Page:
Pneumonia is a leading cause of hospitalization and death among adults in the United States. When people think of pneumonia, they often associate it with bacteria, but it turns out that viruses are more often to blame. Unfortunately, neither viruses nor bacteria are detected in the majority of hospital patients, according to a study by the Centers for Disease Control and Prevention.
The study, published in the New England Journal of Medicine, was conducted over a 2.5-year period and involved data from 2,488 patients from three different American hospitals. An overwhelming 93 percent had confirmed cases of pneumonia. The investigation used chest radiographs and detailed diagnostic methods to determine the cause for the hospitalizations among adults from January 2010 through June 2012. Study participants provided specimens that were tested for both viral and bacterial pathogens.
January 2010 through June 2012. Study participants provided specimens that were tested for both viral and bacterial pathogens.
The results showed that 27 percent of the patients had viruses, while bacteria was the issue in 14 percent of the patients.
While the research team reported that pneumonia cost the United States more than 10 billion dollars in 2011, they also said that most of the time doctors are unable to say why people have pneumonia.
They insist there is a need for quicker, more sensitive tests to pinpoint the causes of the pneumonia. If this were to happen, better treatment could be applied.
Related Reading: Is Pneumonia Contagious?
Older people often have additional health problems. In some cases, they may not even realize that they have underlying health issues, but adding any sort of illness, including pneumonia, can lead to dangerous complications. Another factor to consider is that younger adults tend to visit the doctor as soon as symptoms such as chills or shortness of breath occur, but the elderly are less likely to notice symptoms or seek help until it is too late. Doctors report that this is often the case with pneumonia in seniors.
In many cases pneumonia can be treated with antibiotics, but a medication as common as this can be hard for our liver and kidneys to handle as we age. To add to the problem, many seniors are on other medications, so once they get pneumonia it is difficult for doctors to find other remedies that they can safely add to fight the condition.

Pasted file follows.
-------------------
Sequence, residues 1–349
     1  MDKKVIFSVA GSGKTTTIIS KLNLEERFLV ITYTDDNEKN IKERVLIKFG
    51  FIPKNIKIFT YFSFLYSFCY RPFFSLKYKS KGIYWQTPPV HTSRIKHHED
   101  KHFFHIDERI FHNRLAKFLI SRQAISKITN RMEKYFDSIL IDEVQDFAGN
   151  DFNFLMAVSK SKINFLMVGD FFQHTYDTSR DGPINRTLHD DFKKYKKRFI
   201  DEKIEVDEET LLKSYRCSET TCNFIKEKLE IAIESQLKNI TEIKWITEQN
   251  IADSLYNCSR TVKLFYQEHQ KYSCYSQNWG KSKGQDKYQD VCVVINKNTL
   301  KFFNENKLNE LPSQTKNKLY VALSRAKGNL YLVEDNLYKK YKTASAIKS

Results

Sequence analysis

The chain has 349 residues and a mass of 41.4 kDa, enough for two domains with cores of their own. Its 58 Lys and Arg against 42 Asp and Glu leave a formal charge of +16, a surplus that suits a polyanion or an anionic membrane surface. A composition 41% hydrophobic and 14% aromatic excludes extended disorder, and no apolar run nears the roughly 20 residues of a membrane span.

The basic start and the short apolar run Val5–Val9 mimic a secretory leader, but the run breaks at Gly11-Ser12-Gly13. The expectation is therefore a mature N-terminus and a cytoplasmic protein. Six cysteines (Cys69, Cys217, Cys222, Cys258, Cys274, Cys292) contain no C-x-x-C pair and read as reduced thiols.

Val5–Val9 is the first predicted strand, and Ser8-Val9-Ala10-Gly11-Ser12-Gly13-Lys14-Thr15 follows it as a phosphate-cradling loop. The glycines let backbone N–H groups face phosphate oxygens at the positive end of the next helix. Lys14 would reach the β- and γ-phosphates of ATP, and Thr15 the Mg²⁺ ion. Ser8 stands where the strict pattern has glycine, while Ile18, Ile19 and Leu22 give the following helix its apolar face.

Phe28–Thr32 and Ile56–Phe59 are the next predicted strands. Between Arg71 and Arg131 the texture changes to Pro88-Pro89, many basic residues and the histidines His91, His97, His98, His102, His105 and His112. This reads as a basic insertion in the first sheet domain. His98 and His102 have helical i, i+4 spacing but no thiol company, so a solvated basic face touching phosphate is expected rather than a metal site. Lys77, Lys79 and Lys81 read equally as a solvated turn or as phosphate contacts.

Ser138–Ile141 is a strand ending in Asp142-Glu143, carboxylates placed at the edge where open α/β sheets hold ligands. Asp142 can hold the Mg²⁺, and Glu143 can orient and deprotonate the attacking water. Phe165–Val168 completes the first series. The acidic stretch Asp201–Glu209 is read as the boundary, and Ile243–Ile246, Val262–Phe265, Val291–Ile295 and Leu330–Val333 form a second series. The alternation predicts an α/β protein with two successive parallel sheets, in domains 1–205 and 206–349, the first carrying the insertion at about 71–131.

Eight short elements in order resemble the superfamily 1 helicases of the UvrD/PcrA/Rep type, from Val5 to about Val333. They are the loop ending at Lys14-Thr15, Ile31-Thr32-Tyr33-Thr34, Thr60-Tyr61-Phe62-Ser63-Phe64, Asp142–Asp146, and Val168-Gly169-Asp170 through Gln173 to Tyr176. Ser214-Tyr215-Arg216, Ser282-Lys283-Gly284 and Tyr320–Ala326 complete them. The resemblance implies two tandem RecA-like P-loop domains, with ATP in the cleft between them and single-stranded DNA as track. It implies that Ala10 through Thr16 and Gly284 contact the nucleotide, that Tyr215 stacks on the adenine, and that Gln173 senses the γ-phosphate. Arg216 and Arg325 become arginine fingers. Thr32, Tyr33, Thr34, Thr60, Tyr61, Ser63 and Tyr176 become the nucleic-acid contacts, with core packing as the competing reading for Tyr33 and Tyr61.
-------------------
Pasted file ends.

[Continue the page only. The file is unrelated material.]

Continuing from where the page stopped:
When people get pneumonia, pus can form in air sacs within the lungs. It can then spread into the bloodstream. In the case of seniors, this can be deadly since the pus can make its way into other organs or into an implanted medical device, such as a valve or pacemaker.
Recent studies show that older people who suffer from pneumonia and require hospitalization put themselves at a higher risk for future heart attacks, stroke, or heart failure. One study tracked 6,000 adults aged 65 and older, while another study examined 16,000 adults aged 45 to 65. There were 591 and 680 pneumonia cases respectively in the two studies. The research team compared heart disease events among those hospitalized with pneumonia with people who had not experienced pneumonia. The team admits at this point they have no idea why pneumonia would cause a higher risk of heart-related problems.
Nutrition: There are ways of preventing pneumonia. Good nutrition is one way. When we consume a lot of fresh fruits and vegetables, we are getting the vitamins and minerals necessary to help boost our immune system. A weak immune system makes us more prone to pneumonia, as well as the common cold.
According to researchers at Winthrop University Hospital in Long Island, nutritional supplements not only help prevent illnesses like the common cold and pneumonia in the elderly, but also can assist seniors when they actually become ill. In one study, the addition of 0.5L of nutritional supplement per day resulted in better functioning for elderly pneumonia patients after three months.
Good hygiene: Another way of preventing pneumonia is through good hygiene, including washing hands properly and regularly, as well as disinfecting surfaces we frequently touch.
Flu shots: Influenza or flu is one of the common causes of pneumonia. Flu shots are available through doctors and special community clinics. Some studies show that vaccination programs can reduce hospitalization among high-risk seniors by 30 to 50 percent and death by 39 to 54 percent.
Those who do get pneumonia may or may not require hospitalization. Some people with respiratory illness are able to recover at home with guidance from their doctor. In most cases, the following instructions are given for home care:
If someone is being treated at home and suddenly experiences pain in the abdomen or chest, it’s time to seek medical attention. While millions of Americans get pneumonia each year and most respond well to treatment, it’s an illness that needs to be taken seriously to avoid complications.
Pneumonia and middle ear infections might be prevented by diverse bacteria in the gut microbiome. In the study published in mBio, researchers demonstrated that harmless bacteria found in the nose and on the skin may negatively impact the growth of a common pathogen, leading to middle ear infection in children and pneumonia in children and young adults. Continue reading…
Pneumonia can increase the risk of heart attack, stroke, and even death due to heart disease for numerous years. The study which examined the association found within the first month of pneumonia diagnosis, the risk of cardiovascular events increases four-fold. After the first month, the risk remains at 1.5 higher, compared to those who never had pneumonia, and the risk can last for years. Continue reading…